Urges public participation in update process
NORWALK, Conn. — Mayor Harry Rilling has joined the citizens who object to the citywide zoning rewrite’s proposal to change some single-family areas into districts where two-family homes can be built.
Rilling held a news conference Thursday to assure residents that their voices are being heard.
“I wanted to get out up front so that people can feel a little bit more relaxed, that we’re going to take a serious look at the areas where the zoning regulations suggest that perhaps we should have a two-family residence area where there’s only one right now,” Rilling said at City Hall. “I believe there’s room for modifications that we should be looking at, and making modifications to the recommendations by the team that’s looking at our zoning regulations.”
In January 2021, the City hired consultant Town Planning and Urban Development (TPUDC) at a cost of $190,040 to review and update the city’s zoning code, which hasn’t had a comprehensive overhaul in more than 30 years, according to Planning and Zoning Director Steven Kleppin. The rewrite is meant to align with the City’s Plan of Conservation and Development (POCD), a state-mandated 10-year guide revised in 2019.
Rilling, a former Zoning Commissioner, voiced a widely held opinion about the current zoning regulations when he spoke to the press Thursday.
“I think the zoning in the city of Norwalk is very complex, not easily understandable,” he said. “…It’s all over the place. So, I think it’s time for us to take a look at all the areas, make the zoning more consistent, and more appropriate for a city that’s growing like this, like the city of Norwalk.”
But he’s been hearing from citizens who object to some single-family areas being converted into two-family areas.
“I want people to know upfront I share those same concerns,” he said. “I think we all can agree that Norwalk needs more housing. More housing helps the city grow and Norwalk is a growing city. But I think it’s a little too much, too fast.”
He’s met with Planning and Zoning and conversations will continue, he said, urging people to speak at the zoning regulation update public hearings planned for June 21 and June 28, at 6 p.m. on Zoom.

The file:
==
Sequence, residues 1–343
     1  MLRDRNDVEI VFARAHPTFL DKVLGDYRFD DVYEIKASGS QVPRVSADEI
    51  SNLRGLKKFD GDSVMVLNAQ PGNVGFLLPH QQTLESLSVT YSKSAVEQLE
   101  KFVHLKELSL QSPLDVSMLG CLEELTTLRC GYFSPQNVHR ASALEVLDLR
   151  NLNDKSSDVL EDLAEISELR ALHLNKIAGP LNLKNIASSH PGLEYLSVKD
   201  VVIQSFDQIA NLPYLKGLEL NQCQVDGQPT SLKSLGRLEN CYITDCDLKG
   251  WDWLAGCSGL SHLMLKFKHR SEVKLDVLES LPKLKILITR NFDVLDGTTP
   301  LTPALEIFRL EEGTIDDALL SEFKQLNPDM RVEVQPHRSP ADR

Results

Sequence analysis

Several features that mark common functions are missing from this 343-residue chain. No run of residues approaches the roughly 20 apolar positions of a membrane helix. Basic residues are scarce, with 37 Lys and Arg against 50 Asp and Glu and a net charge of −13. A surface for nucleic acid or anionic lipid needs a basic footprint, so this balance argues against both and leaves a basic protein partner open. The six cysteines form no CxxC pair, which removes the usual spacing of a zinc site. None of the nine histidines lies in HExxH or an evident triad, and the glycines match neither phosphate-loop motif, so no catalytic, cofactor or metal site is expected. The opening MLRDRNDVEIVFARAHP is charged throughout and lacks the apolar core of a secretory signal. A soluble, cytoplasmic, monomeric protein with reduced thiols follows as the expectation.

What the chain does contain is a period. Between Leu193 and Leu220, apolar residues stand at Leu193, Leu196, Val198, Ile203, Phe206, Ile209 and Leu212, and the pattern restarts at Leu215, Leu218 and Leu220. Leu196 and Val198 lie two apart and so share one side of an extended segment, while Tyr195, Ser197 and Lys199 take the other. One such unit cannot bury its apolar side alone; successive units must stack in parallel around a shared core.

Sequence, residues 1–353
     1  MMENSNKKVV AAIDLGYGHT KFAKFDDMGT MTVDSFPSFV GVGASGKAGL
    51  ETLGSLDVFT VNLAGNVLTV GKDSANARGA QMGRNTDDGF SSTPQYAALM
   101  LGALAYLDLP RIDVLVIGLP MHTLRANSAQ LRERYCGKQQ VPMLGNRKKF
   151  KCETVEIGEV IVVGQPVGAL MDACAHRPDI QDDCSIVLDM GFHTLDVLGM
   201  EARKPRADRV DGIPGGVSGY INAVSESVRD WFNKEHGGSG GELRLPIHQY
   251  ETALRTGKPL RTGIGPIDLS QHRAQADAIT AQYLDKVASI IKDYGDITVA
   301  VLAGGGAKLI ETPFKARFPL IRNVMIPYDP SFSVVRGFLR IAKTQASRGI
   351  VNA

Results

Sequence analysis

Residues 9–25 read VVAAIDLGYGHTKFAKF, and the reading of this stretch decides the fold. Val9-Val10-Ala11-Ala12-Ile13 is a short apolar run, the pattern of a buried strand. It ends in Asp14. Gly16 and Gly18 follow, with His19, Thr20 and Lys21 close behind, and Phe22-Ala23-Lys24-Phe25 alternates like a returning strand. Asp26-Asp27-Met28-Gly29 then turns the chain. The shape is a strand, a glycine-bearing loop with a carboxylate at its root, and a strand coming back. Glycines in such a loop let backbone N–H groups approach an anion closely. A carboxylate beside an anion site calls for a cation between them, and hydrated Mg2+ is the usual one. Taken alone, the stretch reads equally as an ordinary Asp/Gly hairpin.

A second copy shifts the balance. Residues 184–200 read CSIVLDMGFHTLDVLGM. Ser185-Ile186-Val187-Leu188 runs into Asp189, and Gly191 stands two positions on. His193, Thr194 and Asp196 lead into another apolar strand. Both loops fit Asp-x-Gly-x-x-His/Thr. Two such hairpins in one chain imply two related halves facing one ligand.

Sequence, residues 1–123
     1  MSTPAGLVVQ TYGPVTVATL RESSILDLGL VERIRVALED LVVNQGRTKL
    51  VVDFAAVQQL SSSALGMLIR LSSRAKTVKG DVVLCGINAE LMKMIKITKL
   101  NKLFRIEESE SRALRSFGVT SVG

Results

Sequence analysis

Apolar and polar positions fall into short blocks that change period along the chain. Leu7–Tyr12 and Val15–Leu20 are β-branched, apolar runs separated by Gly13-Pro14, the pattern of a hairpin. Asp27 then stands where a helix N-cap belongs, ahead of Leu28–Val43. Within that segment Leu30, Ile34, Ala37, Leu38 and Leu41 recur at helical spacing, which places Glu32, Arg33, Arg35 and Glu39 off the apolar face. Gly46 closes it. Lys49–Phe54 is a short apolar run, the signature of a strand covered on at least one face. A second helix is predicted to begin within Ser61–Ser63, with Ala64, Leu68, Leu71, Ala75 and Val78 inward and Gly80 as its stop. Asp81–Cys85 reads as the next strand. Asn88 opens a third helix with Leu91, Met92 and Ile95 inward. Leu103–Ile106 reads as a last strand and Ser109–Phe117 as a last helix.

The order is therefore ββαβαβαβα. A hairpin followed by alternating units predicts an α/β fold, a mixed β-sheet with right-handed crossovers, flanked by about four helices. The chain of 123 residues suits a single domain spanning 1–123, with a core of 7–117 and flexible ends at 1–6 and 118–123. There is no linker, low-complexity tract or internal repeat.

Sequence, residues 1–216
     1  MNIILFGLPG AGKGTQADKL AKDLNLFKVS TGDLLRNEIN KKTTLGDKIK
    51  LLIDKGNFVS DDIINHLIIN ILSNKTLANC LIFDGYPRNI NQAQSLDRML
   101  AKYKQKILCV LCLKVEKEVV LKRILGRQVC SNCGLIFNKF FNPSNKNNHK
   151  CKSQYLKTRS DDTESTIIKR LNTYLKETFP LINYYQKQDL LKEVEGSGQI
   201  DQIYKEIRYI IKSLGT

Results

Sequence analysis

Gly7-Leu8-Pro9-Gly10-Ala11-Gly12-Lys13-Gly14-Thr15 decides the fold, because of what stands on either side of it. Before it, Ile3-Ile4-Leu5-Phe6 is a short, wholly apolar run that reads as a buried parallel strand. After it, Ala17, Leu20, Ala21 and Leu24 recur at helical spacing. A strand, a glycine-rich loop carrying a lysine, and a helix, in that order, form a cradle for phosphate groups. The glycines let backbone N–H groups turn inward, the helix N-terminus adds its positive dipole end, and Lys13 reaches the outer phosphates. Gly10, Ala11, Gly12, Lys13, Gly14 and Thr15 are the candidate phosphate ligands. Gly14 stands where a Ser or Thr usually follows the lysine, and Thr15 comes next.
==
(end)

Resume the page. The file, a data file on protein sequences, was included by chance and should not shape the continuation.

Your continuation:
“I have all the confidence in the world that the Planning and Zoning Commission, during the next two public hearings, will take their advice or take their comments seriously and will make the appropriate decisions,” he said.
Kleppin said the Planning and Zoning Commission will digest the public’s feedback over the summer and delay a vote until late fall, when everyone is engaged again.
He described the draft rewrite as “vastly different structurally and aesthetically” from the decades-old code, but said that once people learn how to navigate it, it will be easier for them to use and understand.
“We’ve proposed to consolidate a portion of the B zone, which is basically a single-family zone on a very small lot, with a C zone into what’s called the CD-3. And that would allow for one or two family – you don’t have to do a two, but it would allow for one or two,” Kleppin said at a recent town hall, where Shorefront Park homeowners voiced objections.
“We don’t see that as an increase in density basically because ADUs (accessory dwelling units) are allowed in all single-family zones today. So you can already do a second unit on your property,” Principal Planner Bryan Baker said Monday at a discussion for Harbor View, Village Creek and Brookside. P&Z can guide the look of a two-family home and, “We’re hoping that it increases some homeownership opportunity.”
Harbor View and Village Creek would remain single family zones under the proposal, he said. Devil’s Garden is proposed to become two-family as part of Brookside, but since it’s further away from the South Norwalk train station and the downtown density this is likely to be changed, in light of feedback at a Sixth Taxing District meeting. Highland Avenue might become “sort of the dividing line” between the two zoning designations, he said.
“In the community meetings we’ve had, I think it’s been a good dialogue,” Kleppin said Thursday. “I know people get exercised when you talk about change on their property. And you know, we’ve told them, ‘Look, it’s the first step, we’re here to listen. And here’s why we’ve made the changes. And when we understand you don’t always like those. But here’s what we’re recommending, but we’ll take anything you have under consideration.’”
The “key thing” is that no determinations have been made yet, he said. The recommendations follow the planning documents that have been done over the last few years but “these are just recommendations in that the final verdict hasn’t been made on any of these yet.”
Rilling said that not only should people attend the public hearings, but “I would encourage them to send us emails, whatever other correspondence they have available that they feel is appropriate, because we do listen.”
Again, homes are needed and, “Density is not a bad thing. It’s just how you go about it,” he said.
“Norwalk is unique in that we have many little neighborhoods that are identifiable as neighborhoods, and we want to maintain the integrity of those neighborhoods,” Rilling said. “…When you act quickly, sometimes you don’t get it right. We want to make sure we get it right.”
NancyOnNorwalk requires full names from commenters.
For more information, go here.
Leave a Reply
You must Register or Login to post a comment.